There are many different approaches to framing a straw bale house; however, there is one in particular that I have used on the vast majority of my projects over the years. It is a post and beam frame system with roots in conventional framing techniques. Because I came to straw bale construction many years ago as a general contractor practicing conventional construction, I brought some of that detailing over. I should preface this article by saying that there are right ways of framing and wrong ways of framing. The system I describe in this article lands in the “right way” column, but so do many other styles. As long as you are working with a structurally sound and safe system that brings you the best results possible for your style of building, then go for it.
One of the first details that often surprises people is the spacing of the posts in the system I use. I hear people talk about wanting to reduce the amount of notching in the bales by spreading their posts out as far as possible. I disagree with this approach and instead keep my posts relatively close together: no more than 6’ apart. One reason for this is that when the bales are stacked in between posts that are set far apart, there is no point of attachment for the bales other than the top and bottom of the wall. As such, the wall becomes weak as it is stacked higher. When posts are set closer together, the notches at each location provide a point of connection to the frame and make the wall much stronger both during construction and for the life of the structure.
One way I keep the posts close together is by incorporating them into the window and door frames. By using 4×4 posts as the king studs I end up with wider nailing surfaces on either side of the opening. This allows me to attach the finish trim, plaster channel and/or plaster lath, and welded wire mesh around every opening with positive attachment to the frame. These king studs serve two purposes by providing the nailing surface and by acting as part of the overall structural frame. Because windows and doors are placed in many locations around the home, and because I otherwise limit my post spacing to no more than 6’, I can minimize the wall beam size as a result. This minimal wall beam is important because the bigger the beam, the more expensive it will be. Further, larger beams are made from larger trees (unless an engineered beam is used) and I want to reduce the size of the trees I am using in my projects for environmental reasons.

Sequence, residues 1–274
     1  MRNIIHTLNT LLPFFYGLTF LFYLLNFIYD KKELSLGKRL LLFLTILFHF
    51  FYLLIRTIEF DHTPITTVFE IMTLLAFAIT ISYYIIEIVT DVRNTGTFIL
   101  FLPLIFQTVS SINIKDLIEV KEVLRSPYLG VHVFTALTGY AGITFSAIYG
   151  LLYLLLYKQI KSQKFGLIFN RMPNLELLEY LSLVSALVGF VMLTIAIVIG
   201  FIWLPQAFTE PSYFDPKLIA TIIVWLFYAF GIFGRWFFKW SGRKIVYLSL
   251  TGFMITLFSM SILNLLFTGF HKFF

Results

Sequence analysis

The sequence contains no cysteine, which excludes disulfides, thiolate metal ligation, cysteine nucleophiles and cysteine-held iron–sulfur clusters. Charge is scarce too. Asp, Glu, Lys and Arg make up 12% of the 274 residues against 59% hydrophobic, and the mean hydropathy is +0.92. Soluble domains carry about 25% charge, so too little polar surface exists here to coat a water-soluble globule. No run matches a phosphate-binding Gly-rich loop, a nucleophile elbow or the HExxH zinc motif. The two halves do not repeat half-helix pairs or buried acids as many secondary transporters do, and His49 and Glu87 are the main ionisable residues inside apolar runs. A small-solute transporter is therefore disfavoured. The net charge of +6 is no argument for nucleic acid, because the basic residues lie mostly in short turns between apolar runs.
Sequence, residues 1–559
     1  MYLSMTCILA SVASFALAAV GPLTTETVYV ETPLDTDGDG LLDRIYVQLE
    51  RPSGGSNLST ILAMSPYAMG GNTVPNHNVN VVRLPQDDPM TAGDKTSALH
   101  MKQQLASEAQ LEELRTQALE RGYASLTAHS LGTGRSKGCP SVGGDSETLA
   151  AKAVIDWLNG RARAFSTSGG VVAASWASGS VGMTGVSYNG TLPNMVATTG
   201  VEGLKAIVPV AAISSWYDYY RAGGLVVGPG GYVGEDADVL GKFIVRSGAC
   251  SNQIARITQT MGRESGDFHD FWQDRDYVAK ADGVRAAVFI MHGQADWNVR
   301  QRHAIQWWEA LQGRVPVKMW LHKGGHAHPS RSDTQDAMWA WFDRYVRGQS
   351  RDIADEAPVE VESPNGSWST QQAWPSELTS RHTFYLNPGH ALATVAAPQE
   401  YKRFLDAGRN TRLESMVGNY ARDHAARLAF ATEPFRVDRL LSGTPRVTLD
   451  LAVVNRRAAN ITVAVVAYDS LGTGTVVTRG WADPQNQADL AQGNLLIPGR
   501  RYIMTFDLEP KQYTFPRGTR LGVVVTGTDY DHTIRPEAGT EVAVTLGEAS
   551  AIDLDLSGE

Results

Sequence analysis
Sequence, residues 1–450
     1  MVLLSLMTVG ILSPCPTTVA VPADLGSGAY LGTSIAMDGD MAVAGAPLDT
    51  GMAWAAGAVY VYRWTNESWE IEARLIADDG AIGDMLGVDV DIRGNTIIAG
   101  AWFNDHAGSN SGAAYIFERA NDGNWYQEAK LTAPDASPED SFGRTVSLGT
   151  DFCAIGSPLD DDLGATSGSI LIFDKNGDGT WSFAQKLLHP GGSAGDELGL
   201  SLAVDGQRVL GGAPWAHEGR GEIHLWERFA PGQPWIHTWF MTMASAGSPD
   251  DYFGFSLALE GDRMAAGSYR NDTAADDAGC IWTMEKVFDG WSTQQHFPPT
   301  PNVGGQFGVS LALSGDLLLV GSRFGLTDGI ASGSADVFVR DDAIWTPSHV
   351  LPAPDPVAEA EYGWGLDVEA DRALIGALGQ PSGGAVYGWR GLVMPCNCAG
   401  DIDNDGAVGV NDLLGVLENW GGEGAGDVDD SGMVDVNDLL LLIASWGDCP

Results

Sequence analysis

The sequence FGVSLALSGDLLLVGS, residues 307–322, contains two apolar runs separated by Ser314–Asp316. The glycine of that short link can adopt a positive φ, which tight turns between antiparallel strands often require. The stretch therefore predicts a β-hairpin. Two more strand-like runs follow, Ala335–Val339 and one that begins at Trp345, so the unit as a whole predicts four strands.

Okay, let’s take a look at how the system works and why it can save time and money in your building process. I’ll simply lay out the process so you can see, step-by-step, how it comes together.
Use 8d nails to tack (just barely nail) a 2×4 top plate to your bottom plate (in this case, a 4×4 which will be part of your toe-up system). Complete the framing layout on the two plates just as you would in conventional construction. For those of you not familiar with this process, start with wall openings (window and door locations) and partition walls. Mark the king stud of the wall opening with the letter K and the trimmer studs with the letter T (see diagram below for window framing details). Use the letter P to mark any partition walls that intersect the main frame. You need only mark the P on the top plate as there will not be a framing member attached here, only a notch cut in the top beam. I’ll discuss this in more detail below.
Next, mark a line across both plates at one edge of the location of all the posts and strike either a dash or an X on the side of the line to represent the post location. (Note: I use 4×4 posts throughout my structures to save time and money. A major reason is that anything bigger gets into the plane of the strings, which either need to be cut and retied or pulled out of the way. A 4×4 post will notch into the bale without any adjustment to the strings, thus saving labor.) For studs that are truncated by windows or doors, mark the plates with the letter C for cripple. I know this is not the most PC labeling system, but it is the industry standard.